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Cracked EarthOn Tuesday, the University of California, Davis issued an economic analysis of California’s drought-wracked agriculture sector. The numbers are grim.

California is now in its third year of drought, with almost 80 percent of the state experiencing extreme drought and over a third of the state experiencing what the U.S. Drought Monitor terms “exceptional drought.” That’s the driest it can get.

In January of this year, Governor Jerry Brown declared a state of emergency, urging residents to cut back on their water. After minimal compliance on the part of residents, the State Water Resources Control Board is now considering mandatory water restrictions.

The UC Davis report, funded in part by the California Department of Food and Agriculture and the Department of Water Resources, analyzes the damage done to the state’s agricultural sector. The Great Plains may be America’s breadbasket, but California fills the rest of its pantry. Nearly half of all U.S.-grown fruits, nuts and vegetables come from California’s central valley, and after 30 of the driest months in the state’s history, those crops are suffering.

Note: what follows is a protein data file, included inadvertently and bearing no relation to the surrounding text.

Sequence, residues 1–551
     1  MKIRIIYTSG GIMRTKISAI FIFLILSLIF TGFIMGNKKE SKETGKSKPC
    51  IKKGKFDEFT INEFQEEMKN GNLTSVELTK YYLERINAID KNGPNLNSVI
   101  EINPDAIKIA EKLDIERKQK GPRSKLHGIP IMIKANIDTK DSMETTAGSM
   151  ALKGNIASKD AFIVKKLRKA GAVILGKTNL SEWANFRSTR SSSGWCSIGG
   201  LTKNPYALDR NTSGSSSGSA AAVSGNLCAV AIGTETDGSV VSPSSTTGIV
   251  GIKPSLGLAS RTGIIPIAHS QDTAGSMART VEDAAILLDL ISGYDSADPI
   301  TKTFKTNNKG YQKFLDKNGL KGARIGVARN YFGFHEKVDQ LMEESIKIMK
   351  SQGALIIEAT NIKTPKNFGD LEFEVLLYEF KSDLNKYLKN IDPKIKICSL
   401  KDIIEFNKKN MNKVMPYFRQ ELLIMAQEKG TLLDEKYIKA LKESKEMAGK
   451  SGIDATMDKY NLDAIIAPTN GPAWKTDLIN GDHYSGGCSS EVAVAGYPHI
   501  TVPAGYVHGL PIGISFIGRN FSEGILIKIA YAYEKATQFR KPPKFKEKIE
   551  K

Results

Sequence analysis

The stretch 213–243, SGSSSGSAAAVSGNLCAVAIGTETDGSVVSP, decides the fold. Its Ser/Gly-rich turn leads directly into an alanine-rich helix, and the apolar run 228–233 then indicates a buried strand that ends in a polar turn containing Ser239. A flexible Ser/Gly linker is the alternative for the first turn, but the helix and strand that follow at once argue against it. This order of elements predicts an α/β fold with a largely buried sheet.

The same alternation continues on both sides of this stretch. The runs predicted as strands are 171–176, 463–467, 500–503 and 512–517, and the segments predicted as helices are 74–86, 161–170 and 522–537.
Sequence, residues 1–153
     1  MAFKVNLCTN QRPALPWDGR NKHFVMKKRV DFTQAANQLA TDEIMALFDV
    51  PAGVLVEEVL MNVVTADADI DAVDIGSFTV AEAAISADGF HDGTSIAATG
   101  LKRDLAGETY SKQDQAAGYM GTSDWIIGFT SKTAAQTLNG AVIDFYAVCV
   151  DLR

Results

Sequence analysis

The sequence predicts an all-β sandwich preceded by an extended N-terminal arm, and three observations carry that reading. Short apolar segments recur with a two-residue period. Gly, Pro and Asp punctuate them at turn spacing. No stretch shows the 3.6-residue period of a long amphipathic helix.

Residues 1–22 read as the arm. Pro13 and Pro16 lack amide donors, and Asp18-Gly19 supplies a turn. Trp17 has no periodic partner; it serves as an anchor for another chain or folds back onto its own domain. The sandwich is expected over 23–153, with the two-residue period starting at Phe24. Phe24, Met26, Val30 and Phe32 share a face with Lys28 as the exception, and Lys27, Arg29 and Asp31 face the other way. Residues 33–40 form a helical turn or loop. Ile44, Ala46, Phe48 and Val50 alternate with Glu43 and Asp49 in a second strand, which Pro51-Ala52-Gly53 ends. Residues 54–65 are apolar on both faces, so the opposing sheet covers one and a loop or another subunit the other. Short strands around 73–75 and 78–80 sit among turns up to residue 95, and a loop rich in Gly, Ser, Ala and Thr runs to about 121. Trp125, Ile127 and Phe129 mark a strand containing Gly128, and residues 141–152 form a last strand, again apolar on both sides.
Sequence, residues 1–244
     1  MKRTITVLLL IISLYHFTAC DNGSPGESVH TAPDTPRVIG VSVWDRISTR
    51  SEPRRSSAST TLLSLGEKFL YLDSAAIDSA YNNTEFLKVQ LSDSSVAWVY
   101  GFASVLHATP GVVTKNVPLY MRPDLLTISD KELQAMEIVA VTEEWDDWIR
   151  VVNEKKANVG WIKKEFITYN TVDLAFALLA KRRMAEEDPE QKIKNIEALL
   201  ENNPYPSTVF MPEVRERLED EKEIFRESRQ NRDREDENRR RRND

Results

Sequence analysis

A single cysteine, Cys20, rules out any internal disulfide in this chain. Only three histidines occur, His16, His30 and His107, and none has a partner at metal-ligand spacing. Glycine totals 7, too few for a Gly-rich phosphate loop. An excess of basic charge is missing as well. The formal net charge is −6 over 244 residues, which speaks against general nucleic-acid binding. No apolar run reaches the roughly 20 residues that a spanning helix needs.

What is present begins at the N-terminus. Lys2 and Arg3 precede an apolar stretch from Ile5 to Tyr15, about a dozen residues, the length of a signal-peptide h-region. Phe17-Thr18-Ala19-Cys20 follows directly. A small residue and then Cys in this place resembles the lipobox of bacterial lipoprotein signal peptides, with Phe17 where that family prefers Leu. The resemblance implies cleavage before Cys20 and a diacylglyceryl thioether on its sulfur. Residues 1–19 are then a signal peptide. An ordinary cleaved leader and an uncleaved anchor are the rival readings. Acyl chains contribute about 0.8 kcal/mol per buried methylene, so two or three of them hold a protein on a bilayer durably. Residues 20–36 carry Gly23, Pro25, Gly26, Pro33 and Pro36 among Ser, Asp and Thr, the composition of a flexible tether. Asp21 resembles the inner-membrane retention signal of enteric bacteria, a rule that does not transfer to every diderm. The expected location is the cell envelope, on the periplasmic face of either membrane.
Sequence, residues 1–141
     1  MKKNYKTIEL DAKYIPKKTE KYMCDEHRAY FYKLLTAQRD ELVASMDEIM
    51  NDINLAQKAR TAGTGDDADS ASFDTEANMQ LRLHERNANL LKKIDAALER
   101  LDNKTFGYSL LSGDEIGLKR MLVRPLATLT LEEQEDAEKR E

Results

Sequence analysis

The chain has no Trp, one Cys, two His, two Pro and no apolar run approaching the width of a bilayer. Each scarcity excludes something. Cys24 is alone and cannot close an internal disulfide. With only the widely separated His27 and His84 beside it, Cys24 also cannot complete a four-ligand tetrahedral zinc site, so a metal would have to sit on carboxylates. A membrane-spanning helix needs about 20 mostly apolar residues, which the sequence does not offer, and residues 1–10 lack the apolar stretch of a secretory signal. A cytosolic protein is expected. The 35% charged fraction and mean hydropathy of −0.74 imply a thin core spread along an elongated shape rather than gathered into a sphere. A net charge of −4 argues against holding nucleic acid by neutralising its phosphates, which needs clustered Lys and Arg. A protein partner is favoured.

The report estimates a loss of $810 million from lower crop revenues, $203 million from livestock and dairy losses, and $454 million just from pumping so much more water to feed what’s left. With surface waters – rivers and reservoirs – running at one-third normal strength, farmers are pumping 62 percent more groundwater than usual. This still hasn’t stopped 410,000 acres of the central valley – an area ten times the size of Washington, D.C. – from fallowing.

Workers are also suffering, with over 17,000 seasonal and part-time jobs lost in the process.

Altogether, UC Davis calculates that the drought will cost California $2.2 billion in 2014 alone.

To read the full economic analysis, click here.

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2 Responses

  1. […] Drought Monitor. The lack of water is expected to cost California’s massive agricultural sector billions in lost harvests, forcing the state to enact mandatory water restrictions to residents. And geologists are reporting […]

  2. […] restrictions on home water use and is projected to cost the state’s massive agricultural industry $2.2 billion in direct and indirect losses (and 17,000 seasonal and part-time […]

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